The Life and Voyages of Christopher Columbus

By Washington Irving | Go to book overview

CHAPTER IV.
MISSION OF DIEGO DE ESCOBAR TO THE ADMIRAL.

[ 1504.]

Eight months had now elapsed since the departure of Mendez and Fiesco, without any tidings of their fate. For a long time the Spaniards had kept a wistful look-out upon the ocean, flattering themselves that every Indian canoe, gliding at a distance, might be the harbinger of deliverance. The hopes of the most sanguine were now fast sinking into despondency. What thousand perils awaited such frail barks, and so weak a party, on an expedition of the kind! Either the canoes had been swallowed up by boisterous waves and adverse currents, or their crews had perished among the rugged mountains and savage tribes of Hispaniola. To increase their despondency, they were informed that a vessel had been seen, bottom upward, drifting with the currents along the coasts of Jamaica. This might be the vessel sent to their relief; and if so, all their hopes were shipwrecked with it. This rumor, it is affirmed, was invented and circulated in the island by the rebels, that it might reach the ears of those who remained faithful to the admiral, and reduce them to despair.* It no doubt had its effect. Losing all hope of aid from a distance, and considering themselves abandoned and forgotten by the world, many grew wild and desperate in their plans. Another conspiracy was formed by one Bernardo, an apothecary of Valencia, with two confederates, Alonzo de Zamora and Pedro de Villatoro. They designed to seize upon the remaining canoes, and seek their way to Hispaniola.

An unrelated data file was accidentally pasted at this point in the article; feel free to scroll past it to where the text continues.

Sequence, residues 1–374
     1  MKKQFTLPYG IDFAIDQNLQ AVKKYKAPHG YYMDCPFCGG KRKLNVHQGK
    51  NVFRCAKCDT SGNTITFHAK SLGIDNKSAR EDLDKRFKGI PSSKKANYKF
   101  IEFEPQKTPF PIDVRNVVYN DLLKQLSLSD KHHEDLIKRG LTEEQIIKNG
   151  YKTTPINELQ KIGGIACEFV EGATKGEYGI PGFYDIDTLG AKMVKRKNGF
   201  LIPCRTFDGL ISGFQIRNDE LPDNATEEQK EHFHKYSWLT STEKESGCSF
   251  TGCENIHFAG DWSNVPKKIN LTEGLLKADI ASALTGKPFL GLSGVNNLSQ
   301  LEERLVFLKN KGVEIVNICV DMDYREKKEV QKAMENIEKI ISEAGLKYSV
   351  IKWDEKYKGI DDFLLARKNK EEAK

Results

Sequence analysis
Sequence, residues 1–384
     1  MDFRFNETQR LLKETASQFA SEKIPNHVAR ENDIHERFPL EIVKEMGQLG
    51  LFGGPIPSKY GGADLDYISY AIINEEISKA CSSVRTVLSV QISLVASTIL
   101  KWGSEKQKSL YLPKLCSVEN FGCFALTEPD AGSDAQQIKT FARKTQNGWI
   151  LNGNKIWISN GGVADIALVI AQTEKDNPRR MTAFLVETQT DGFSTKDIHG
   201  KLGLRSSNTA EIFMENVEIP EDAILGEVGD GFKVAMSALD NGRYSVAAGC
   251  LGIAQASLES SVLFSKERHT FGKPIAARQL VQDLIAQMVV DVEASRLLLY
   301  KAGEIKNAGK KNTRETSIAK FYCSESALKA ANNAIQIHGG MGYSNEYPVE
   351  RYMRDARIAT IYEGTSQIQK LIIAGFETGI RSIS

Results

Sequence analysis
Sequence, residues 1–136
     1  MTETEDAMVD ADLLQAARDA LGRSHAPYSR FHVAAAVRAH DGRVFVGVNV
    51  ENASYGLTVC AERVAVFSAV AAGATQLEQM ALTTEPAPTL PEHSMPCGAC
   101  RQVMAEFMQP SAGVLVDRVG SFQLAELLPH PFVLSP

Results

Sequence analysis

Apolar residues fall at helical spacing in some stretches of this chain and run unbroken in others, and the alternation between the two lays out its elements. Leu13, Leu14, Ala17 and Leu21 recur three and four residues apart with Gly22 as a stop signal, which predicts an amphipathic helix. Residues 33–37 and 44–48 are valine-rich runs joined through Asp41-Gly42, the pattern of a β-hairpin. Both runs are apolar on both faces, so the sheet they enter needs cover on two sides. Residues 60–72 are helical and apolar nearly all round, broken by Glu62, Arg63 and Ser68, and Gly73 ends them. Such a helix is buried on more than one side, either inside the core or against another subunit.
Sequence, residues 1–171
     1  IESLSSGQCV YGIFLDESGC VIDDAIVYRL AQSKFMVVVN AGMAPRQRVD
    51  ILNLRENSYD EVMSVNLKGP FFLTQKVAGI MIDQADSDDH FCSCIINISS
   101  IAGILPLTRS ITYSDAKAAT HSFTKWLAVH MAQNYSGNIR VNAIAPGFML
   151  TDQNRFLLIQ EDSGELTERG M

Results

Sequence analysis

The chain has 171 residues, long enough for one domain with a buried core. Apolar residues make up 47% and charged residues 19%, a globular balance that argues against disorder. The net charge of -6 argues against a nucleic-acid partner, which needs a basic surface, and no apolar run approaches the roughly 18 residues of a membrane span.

The mutiny was on the very point of breaking out, when one evening, toward dusk, a sail was seen standing toward the harbor. The transports of the poor Spaniards may be more easily conceived than described. The vessel was of small size; it kept t to sea, but sent its boat to visit the ships. Every eye was eagerly bent to hail the countenances of Christians and deliverers. As the boat approached, they descried in it Diego de Escobar, a man who had been one of the most active confederates of Roldan in his rebellion, who had been con-

____________________
*
Hist. del Almirante, cap. 104.
Las Casas, Hist. Ind., lib. ii. cap. 33.

-572-

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